Did you know there is a 0.1% probability (1,000/1 odds) that Kim Kardashian would become the next US president, according to one of the renowned betting websites?
If you are planning to start betting, be it casino gambling, sports betting, or any other type, it's important to understand the odds. It would be preposterous and absurd to think about playing bets without having a good grip on the main types of betting odds and the ability to read and interpret the various formats thereof.
The three main types of betting odds are fractional (British) odds, decimal (European) odds, and American (Moneyline) odds. These are simply different ways or forms to present the same thing, and hold no difference in terms of payouts. This means that a chance (percentage probability) of an event occurring can be converted and presented in any of the aforementioned types of odds.
Fractional odds (a.k.a. British odds, UK odds or Traditional odds) are popular among British and Irish bookies. These are typically written with a “slash (/)” or a “hyphen (-),” e.g. 6/1 or 6-1 and announced as “six-to-one.” Fractional odds are used by some of the world’s largest bookmakers, making them the most preferred odds across the globe.
A fractional odd of 6/1 (six-to-one) would mean that you win $6 against every $1 you stake (in addition to receiving your dollar back, i.e. $1 – the amount you wagered). In other words, this is the ratio of the amount (profit) won to the stake, which means that you will receive your stake ($1) in addition to the profit ($6), resulting in a total return of $7. Therefore, if you stake $10 at 6/1, you get a total return of $70 ($60 profit + $10 stake).
Therefore, the total (potential) return on a stake can be stated as:
Total return = [stake x (numerator/denominator)] + stake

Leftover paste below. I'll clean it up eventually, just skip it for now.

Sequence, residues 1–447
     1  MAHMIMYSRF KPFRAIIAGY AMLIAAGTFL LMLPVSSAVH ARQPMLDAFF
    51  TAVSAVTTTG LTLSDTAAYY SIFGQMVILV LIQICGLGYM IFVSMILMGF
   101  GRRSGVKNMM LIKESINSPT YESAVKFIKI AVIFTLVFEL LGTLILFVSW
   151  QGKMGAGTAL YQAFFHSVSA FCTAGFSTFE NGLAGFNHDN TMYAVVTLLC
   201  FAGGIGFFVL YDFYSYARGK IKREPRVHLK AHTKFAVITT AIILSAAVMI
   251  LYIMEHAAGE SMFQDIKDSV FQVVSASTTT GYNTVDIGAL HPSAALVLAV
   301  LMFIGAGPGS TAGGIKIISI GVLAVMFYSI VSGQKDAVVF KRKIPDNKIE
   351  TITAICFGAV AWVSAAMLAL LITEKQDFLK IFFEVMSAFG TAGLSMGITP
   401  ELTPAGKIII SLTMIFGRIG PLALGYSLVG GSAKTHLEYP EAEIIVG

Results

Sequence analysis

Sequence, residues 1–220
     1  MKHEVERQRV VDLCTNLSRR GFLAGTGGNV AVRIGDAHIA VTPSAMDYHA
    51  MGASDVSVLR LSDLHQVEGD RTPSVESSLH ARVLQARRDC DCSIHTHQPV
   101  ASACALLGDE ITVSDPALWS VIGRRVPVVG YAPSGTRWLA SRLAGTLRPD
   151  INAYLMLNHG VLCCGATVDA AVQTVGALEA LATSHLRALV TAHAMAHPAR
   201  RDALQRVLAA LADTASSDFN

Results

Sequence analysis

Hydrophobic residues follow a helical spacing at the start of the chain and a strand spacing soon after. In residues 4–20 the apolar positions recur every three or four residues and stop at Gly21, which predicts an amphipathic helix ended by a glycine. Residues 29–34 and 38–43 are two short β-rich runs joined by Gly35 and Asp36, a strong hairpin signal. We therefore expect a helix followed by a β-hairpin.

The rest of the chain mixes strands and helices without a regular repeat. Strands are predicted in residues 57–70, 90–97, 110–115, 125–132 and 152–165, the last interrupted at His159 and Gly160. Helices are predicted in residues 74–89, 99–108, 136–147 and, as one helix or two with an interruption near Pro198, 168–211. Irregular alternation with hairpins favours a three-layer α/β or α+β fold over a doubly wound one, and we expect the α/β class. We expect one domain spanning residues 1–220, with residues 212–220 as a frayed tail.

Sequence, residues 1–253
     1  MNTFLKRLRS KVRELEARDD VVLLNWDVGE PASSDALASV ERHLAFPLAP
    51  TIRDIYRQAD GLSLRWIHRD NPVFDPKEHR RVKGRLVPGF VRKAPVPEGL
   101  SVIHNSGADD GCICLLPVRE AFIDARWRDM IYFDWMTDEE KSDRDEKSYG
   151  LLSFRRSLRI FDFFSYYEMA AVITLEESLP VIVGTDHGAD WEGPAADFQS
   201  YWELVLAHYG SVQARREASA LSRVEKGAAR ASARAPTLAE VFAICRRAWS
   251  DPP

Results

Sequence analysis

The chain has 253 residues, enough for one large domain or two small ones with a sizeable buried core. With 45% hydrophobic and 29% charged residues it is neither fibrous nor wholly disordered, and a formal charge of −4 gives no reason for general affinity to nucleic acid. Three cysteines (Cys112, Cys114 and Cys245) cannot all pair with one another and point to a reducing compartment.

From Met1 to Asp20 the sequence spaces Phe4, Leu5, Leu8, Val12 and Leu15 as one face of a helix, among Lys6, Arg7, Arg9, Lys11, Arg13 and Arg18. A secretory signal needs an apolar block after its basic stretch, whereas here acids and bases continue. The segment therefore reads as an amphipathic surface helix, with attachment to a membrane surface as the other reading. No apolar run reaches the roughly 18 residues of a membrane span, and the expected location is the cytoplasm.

where numerator/denominator is the fractional odd, e.g. 28/6.
For instance, one of the renowned sports betting websites shows the following fractional odds for the Barclays Premier League match, Crystal Palace vs. Man City on April 7, 2015.
Crystal Palace: 4/1
Man City: 8/13
(For related reading, see: A Quick And Dirty Look At Sports Gambling)
It can quickly be discerned that Man City are the favorites while Crystal Palace are the underdogs. That is, one wins only $8 against every $13 put on stake for Man City to win. Meanwhile, one wins $4 against each $1 (i.e. 4 times) put on stake for Crystal Palace to win, which is less probable. One is offered a high return temptation for the high risk they bear, based on the basic concept of "high risk, high return.”
In the above example, if I bet $100 on Man City to win, I could make a $61.53 profit [$100 x (8/13)], and could get back my initial stake of $100, resulting in a total return of $161.53. However, if I wager $100 on Crystal Palace to win, I could receive a profit of $400 [$100 x (4/1)], in addition to the $100 initial stake (total return = $500).
Decimal odds (a.k.a. European odds, Digital odds, Continental odds) are popular in continental Europe, Australia, New Zealand, and Canada. These are rather quicker and easier to understand and work with. The favorites and underdogs can be spotted instantaneously by looking at the numbers.
The decimal odd number represents the amount one wins for every $1 wagered. For decimal odds, the number represents the total return, rather than the profit. In other words, your stake is already included in the decimal number (no need to add back your stake), which makes its total return calculation easier.
The total (potential) return on a stake can be calculated as:
Total return = Stake x Decimal odd number
For instance, one of the renowned betting websites prices several candidates to win the 2016 US Presidential elections. Here, we list the decimal odds for the top 4 candidates and the lowest probability among the 50+ candidates listed by the bookmaker as of April 2015.